Page last updated at 11:20 GMT, Wednesday, 26 November 2008

Burns Monument in revamp appeal

Burns Monument on Calton Hill (Pic Edinburgh Architecture)
Edinburgh's Burns Monument is on Calton Hill

An appeal has been launched to raise funds for the restoration of the Burns Monument in Edinburgh.

Edinburgh World Heritage and Edinburgh City Council have pledged money but more is needed for the Burns Monument on Calton Hill.

The monument is one of the buildings that gave Edinburgh its famous nickname of Athens of the North.

Its intricate neo-Greek temple design reflects the ideas behind the Scottish Enlightenment.

The total cost of the project is expected to be about 350,000.

David McDonald, Edinburgh World Heritage projects manager, said: "The monument also sits in a position with a fantastic view of the city, and it would be good to open it up to the public, perhaps even as an outdoor venue for Fringe events."

I'm sure that this drive will encourage those who love Burns' work to contribute to the further development of this important monument to one of Scotland's greatest poets
Deirdre Brock
Edinburgh City Council

Deirdre Brock, Edinburgh City Council culture leader said: "Robert Burns' body of work is of enormous value to our nation and I am delighted that our investment in the Twelve Monuments project will help restore this stunning tribute to his legacy.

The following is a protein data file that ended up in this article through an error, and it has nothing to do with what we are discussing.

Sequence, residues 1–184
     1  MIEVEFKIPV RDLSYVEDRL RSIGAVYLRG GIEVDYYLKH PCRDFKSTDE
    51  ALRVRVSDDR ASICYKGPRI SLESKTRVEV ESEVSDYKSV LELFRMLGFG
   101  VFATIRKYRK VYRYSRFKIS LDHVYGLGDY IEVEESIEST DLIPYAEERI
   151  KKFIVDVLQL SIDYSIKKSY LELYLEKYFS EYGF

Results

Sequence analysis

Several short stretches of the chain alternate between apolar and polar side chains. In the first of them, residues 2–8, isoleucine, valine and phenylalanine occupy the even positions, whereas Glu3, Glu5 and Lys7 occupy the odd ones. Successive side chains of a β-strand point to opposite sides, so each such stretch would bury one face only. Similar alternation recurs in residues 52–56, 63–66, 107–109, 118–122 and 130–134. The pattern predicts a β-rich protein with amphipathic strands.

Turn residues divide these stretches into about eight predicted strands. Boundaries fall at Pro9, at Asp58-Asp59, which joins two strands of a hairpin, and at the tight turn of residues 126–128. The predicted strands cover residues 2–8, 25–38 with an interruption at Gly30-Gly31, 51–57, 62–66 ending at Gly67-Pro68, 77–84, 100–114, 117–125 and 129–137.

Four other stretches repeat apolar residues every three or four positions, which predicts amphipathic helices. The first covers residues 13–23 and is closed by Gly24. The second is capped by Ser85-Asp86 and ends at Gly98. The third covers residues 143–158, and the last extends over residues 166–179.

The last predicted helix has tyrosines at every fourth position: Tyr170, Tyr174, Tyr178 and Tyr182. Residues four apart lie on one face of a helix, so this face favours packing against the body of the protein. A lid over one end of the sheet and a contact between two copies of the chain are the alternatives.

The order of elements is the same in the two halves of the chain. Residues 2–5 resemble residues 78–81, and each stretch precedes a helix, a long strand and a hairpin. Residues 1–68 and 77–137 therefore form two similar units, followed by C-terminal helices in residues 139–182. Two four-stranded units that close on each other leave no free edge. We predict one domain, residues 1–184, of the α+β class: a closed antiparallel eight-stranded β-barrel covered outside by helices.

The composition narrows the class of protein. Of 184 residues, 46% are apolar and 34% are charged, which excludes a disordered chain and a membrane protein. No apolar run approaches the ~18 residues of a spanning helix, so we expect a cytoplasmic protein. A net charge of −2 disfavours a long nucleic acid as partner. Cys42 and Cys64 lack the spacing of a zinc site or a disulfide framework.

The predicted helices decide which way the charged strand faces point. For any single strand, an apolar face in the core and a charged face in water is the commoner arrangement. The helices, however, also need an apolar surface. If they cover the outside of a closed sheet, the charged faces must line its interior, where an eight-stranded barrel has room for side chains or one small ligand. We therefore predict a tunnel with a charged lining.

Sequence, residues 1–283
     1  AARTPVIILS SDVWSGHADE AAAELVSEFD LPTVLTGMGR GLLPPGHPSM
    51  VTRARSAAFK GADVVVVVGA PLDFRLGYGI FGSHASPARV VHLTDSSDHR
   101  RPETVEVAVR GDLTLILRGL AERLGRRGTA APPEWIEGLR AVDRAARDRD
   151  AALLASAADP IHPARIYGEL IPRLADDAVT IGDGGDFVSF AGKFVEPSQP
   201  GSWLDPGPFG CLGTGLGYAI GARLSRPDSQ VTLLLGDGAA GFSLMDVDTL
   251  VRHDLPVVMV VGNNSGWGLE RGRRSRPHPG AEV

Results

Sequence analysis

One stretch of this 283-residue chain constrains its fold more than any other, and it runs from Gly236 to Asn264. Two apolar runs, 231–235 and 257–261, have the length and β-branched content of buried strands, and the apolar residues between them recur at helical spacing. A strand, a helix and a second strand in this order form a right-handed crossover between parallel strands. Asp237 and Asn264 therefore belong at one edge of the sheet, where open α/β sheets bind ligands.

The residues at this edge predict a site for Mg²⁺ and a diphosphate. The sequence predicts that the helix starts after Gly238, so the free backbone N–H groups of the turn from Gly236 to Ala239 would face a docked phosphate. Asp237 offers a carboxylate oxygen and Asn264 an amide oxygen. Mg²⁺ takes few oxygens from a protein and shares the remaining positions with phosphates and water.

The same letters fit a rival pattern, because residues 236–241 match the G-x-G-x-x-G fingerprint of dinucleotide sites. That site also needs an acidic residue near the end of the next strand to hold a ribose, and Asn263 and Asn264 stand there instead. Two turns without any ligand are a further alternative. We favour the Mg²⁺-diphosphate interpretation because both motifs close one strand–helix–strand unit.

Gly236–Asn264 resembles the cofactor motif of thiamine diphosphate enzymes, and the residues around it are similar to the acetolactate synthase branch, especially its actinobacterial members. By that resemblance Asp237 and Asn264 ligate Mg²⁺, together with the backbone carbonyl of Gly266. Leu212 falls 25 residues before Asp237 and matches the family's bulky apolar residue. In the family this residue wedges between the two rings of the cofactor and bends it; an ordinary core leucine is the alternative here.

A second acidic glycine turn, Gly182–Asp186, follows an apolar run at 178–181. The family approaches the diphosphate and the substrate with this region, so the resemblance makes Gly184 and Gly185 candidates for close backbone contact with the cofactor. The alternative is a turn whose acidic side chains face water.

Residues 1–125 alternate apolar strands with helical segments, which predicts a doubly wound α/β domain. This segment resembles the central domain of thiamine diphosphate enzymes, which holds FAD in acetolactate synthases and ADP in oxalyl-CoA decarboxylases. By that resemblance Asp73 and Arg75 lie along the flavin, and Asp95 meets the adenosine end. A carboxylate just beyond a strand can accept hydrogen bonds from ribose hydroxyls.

"I'm sure that this drive will encourage those who love Burns' work to contribute to the further development of this important monument to one of Scotland's greatest poets."

Jim Shields of the Robert Burns World Federation said: "We will be advising our members worldwide of the state of this beautiful monument and asking both individuals and clubs for any financial support they can give to this appeal.

"At a more local level, we will also be asking not just Burns Clubs, but all of the many organisations who hold Burns Suppers throughout Edinburgh and Lothians, to put their hands into their pockets to help save this beautiful monument."

Thomas Hamilton

Although repairs have been carried out in the past, officials said the monument's exposed position means that a comprehensive restoration programme is now needed.

Asphalt has been used to repair areas of the roof, but this is now cracking and allowing in water.

The monument is also covered in ornate stone carvings, some of which will need to be replaced.

The monument was built in 1831 in honour of the famous poet, and was designed by Thomas Hamilton, who was also the architect for the nearby Royal High School.

Originally the Burns Monument contained a white marble statue of Robert Burns (1759 -1796) which is now located in the National Portrait Gallery on Queen Street.

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